Hafjell in January 2010
|Location|| Øyer, Oppland county,|
|Nearest major city||Lillehammer|
|Vertical||830 m (2,723 ft)|
|Top elevation||1,030 m (3,379 ft)|
|Base elevation||200 m (656 ft)|
Hafjell is a village and a ski resort in Norway, in the Øyer municipality in the county of Oppland.
Hafjell hosted the alpine skiing technical events (giant slalom and slalom) at the 1994 Winter Olympics; the speed events were held at Kvitfjell, a regular stop on the World Cup tour for men's speed events in March. Hafjell occasionally hosts World Cup slalom and giant slalom races, last in 2006 (women) and 1996 (men's and women's finals).
This section does not cite any sources . (February 2016) (Learn how and when to remove this template message)
Hafjell Bike Park is renowned as the best Bike Park for downhill riding in Norway and some of the bike trails have a vertical drop of 830 m, varies in difficulty with jumps and drops for the ”nut balls” and easier lines for the beginners.
Since its early inception in 2001, Hafjell Bike Park has exploded into a world class Bike Park. It started with the “Wednesday Club”, a group of local riders doing shuttle runs in the area that soon became tired of blasting down the Hafjell fire-roads and craved more demanding trails. In Feb, 2002 a meeting between Snorre Pedersen and the manager of Hafjell Alpine Centre, Geir Olsen occurred, resulting in support from Hafjell Alpine Centre, ending the Illegal trail building.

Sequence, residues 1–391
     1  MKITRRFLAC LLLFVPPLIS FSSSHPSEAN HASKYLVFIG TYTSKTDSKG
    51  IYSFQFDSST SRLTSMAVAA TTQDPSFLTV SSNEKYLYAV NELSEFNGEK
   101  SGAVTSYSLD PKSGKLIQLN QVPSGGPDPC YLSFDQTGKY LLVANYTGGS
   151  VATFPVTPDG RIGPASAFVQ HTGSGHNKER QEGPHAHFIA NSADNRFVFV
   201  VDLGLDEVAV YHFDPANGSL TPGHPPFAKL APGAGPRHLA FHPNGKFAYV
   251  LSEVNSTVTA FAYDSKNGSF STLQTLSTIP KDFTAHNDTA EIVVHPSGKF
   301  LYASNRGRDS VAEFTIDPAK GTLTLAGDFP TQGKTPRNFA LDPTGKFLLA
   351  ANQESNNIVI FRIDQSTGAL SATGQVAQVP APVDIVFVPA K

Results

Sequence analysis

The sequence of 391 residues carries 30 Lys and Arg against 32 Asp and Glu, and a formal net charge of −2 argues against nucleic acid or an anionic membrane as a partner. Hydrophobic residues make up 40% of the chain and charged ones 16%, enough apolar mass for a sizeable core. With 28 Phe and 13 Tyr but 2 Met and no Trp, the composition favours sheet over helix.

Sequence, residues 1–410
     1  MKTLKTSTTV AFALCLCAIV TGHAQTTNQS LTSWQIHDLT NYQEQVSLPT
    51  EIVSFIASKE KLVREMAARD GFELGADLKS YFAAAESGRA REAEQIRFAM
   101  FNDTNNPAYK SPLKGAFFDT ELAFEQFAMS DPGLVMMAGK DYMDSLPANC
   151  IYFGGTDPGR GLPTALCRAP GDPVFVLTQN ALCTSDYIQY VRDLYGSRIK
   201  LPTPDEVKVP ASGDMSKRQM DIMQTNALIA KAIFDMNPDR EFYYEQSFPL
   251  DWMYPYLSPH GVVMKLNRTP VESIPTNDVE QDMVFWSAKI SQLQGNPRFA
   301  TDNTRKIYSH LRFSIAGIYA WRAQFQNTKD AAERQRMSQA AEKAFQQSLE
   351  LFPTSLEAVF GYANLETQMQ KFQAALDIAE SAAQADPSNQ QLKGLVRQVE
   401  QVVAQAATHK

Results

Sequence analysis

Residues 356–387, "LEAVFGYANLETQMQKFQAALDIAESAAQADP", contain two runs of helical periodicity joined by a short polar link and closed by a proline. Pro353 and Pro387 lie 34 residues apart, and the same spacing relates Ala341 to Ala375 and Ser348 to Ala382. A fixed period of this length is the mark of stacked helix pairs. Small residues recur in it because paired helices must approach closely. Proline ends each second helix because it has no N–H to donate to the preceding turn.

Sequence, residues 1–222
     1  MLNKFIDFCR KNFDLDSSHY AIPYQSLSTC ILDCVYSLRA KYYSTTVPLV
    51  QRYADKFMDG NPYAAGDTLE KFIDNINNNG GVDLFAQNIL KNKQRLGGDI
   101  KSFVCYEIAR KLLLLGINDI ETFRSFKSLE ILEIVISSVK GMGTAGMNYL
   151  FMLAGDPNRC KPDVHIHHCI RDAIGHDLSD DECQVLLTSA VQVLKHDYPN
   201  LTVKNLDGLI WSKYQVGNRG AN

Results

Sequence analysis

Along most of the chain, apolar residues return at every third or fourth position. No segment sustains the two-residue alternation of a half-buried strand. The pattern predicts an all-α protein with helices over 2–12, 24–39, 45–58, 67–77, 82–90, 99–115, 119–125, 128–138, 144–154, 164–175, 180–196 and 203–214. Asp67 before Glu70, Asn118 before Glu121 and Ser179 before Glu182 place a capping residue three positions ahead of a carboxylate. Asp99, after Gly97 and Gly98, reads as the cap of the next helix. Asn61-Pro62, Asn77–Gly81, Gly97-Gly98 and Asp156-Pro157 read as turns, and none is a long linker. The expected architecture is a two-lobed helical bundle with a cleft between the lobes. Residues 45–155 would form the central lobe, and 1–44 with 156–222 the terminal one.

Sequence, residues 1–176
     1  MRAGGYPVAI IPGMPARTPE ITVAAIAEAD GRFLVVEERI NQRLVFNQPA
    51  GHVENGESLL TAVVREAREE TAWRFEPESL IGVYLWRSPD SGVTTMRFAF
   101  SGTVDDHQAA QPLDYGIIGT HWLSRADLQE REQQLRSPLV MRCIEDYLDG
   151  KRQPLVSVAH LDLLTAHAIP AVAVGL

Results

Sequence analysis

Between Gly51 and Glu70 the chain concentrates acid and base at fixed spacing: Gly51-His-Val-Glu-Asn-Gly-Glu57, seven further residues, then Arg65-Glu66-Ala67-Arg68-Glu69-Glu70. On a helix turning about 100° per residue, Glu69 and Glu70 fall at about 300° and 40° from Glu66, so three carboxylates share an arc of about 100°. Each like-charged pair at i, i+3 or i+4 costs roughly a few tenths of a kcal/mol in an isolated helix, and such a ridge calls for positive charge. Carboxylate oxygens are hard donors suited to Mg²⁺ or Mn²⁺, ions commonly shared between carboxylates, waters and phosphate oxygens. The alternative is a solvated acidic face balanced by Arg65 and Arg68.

Snorre Pedersen is the architect of the Park, and is described as a magician with bike trails, and back in 2003 he started as a pioneer, digging and constructing the NC-trail, together with the help of volunteers putting in hundreds of hours of manual labour. Hafjell did on this trail later host a National Downhill race in 2004. This was the start of the designing and transforming of the hills of Hafjell, and this turned it into a true paradise for the downhill enthusiasts.
Altogether 14 trails are now carved into the alpine wooden landscape. Whether you prefer downhill, cross-country or trail riding, Hafjell can make your biking better through its gondola and lift accessed mountain biking experience.
Until 1930 the name was written "Avfjellet" on maps. The first element is av 'off', the last element is fjell n 'mountain'. The meaning is 'the mountain broken off a larger mountain' (the top of Hafjell lies beneath the larger and taller mountain Nevelfjell, and it could be considered to be a part of this). The first element was pronounced just as [a:], and the h was later added (see h-adding) to emphasize it.
The venue hosted the Alpine skiing events during the 2016 Winter Youth Olympics.
Lillehammer is a town and municipality in Innlandet county, Norway. It is part of the traditional region of Gudbrandsdal. The administrative centre of the municipality is the town of Lillehammer. As of 2018, the population of the town of Lillehammer was 28,034. The city centre is a late nineteenth-century concentration of wooden houses, which enjoys a picturesque location overlooking the northern part of lake Mjøsa and the river Lågen, surrounded by mountains. Lillehammer hosted the 1994 Winter Olympics and 2016 Winter Youth Olympics. Before Oslo's withdrawal from consideration, it was included as part of a bid to host events in the 2022 Winter Olympics if Oslo were to win the rights to hold the Games.